As mentioned above, many of the muscles of the DLS are synergists, acting to assist larger prime-movers. This is especially true of the extension mechanism that is essential for gait and lifting. Several studies have demonstrated a correlation between dysfunction, a reduction in relative gluteus maximus activity, and an increase in lumbar erector and biceps femoris activity (106 - 112). Visually, this may present as an increase in the lumbar lordosis during gait, and/or a reliance on lumbar flexion and extension (as opposed to hip flexion and extension) during bent-over lifting. Although it may be important to have an alternative movement pattern or set of motor units to maintain function during fatigued or dysfunctional states, research and practice imply that that dominance of one system results in a decrease in activity of the other. That is, targeting the muscles of the DLS with strengthening techniques is likely to increase reliance on the DLS, and reduce reliance on the larger more powerful muscles of the POS.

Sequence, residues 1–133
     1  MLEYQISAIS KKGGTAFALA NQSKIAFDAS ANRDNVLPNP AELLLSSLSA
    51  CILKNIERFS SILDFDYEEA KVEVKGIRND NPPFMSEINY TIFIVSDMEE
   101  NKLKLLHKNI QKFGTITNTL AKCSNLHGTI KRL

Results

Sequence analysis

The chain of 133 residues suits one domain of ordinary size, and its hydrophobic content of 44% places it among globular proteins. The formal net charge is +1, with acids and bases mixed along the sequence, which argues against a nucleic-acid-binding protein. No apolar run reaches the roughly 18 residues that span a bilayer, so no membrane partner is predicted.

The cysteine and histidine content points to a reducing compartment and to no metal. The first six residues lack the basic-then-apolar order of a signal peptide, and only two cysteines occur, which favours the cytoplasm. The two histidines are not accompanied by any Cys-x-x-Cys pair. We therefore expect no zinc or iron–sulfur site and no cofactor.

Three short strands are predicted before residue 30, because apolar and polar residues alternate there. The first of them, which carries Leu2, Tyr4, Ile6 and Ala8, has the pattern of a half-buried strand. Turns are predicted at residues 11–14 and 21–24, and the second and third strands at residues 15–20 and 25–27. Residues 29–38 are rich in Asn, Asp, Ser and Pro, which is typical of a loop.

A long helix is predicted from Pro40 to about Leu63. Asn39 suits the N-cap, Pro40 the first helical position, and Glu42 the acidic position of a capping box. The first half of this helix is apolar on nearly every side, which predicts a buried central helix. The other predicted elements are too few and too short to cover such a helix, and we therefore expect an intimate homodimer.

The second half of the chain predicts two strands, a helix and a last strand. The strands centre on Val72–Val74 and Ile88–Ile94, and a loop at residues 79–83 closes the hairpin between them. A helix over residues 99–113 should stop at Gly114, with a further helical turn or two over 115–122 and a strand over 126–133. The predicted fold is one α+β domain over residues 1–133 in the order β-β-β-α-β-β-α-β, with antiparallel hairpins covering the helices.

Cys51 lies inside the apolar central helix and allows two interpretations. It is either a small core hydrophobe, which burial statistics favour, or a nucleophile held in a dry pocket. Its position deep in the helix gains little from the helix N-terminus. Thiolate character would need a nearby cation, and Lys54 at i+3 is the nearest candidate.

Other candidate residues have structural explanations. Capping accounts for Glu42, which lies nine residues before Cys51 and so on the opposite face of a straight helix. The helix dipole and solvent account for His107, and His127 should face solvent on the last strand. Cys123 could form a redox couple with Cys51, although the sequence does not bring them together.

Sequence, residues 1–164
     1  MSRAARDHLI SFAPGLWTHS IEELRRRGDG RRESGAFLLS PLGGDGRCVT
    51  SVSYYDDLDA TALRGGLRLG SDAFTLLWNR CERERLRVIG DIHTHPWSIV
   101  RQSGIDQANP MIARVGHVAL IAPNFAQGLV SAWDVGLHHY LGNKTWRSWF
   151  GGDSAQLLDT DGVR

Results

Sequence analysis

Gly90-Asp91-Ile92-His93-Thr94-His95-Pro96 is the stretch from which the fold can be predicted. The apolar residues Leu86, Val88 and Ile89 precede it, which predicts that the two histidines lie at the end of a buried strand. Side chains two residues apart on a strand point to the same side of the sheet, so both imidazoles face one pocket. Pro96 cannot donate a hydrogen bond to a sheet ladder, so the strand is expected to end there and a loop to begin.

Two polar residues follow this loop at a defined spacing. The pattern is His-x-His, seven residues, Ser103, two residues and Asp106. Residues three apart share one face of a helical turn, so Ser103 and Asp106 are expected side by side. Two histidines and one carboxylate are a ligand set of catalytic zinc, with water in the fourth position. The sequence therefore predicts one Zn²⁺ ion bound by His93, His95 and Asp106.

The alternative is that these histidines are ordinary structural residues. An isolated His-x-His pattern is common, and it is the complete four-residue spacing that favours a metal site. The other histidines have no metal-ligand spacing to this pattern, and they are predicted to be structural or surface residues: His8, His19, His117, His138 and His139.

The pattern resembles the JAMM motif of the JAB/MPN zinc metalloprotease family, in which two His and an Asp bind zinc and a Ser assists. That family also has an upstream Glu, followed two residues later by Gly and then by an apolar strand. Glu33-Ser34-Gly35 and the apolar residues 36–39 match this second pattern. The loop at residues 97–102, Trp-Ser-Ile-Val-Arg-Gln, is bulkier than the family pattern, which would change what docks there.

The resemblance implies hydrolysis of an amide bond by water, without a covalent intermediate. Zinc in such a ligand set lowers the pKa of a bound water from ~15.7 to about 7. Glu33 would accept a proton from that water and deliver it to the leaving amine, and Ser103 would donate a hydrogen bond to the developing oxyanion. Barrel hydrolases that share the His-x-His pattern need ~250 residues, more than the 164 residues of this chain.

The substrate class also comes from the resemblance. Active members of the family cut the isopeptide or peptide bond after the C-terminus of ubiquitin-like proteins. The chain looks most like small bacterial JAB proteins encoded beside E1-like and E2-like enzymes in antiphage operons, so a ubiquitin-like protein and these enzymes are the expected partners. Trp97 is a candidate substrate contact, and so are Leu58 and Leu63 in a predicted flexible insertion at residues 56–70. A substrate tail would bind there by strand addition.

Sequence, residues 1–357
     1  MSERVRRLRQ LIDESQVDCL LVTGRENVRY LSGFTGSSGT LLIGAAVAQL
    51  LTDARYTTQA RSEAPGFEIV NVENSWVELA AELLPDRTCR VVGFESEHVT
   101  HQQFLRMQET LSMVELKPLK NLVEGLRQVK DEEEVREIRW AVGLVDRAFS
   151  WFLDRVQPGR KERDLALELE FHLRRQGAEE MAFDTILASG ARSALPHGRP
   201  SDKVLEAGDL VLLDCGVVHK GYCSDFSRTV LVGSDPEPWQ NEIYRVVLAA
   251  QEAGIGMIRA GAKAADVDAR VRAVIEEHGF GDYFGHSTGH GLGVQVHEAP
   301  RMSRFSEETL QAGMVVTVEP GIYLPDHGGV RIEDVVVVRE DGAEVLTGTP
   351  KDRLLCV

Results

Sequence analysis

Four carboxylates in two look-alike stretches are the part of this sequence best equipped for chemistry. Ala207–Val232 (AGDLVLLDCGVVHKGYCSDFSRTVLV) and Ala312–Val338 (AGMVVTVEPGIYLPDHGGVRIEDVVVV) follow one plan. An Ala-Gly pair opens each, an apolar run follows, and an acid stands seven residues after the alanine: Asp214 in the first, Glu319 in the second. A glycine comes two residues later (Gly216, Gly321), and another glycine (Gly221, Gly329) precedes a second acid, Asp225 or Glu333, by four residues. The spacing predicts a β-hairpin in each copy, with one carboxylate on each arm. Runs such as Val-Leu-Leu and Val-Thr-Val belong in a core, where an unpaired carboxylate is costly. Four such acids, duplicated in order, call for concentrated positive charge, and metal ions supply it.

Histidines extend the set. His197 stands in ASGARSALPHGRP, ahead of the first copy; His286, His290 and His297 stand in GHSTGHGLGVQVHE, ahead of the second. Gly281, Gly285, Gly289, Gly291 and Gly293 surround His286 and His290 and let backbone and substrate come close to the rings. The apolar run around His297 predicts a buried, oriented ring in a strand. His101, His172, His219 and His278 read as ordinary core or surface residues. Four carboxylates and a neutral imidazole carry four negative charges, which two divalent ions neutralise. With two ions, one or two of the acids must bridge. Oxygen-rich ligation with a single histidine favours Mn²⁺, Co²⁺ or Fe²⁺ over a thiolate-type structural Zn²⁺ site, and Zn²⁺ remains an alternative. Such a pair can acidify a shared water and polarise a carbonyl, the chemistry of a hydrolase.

Clinically it has been noted that lifting nearer to full knee extension increases reliance on the biceps femoris, resisted adduction during squatting, stepping, and gait increases reliance on adductor magnus, and targeted interventions for any muscle of the DLS prior to functional tasks will increase the targeted muscles activity. To increase reliance on the gluteus maximus and POS, and decrease activity of the lumbar erector and biceps femoris, research suggests the following cues may be beneficial (113 - 117):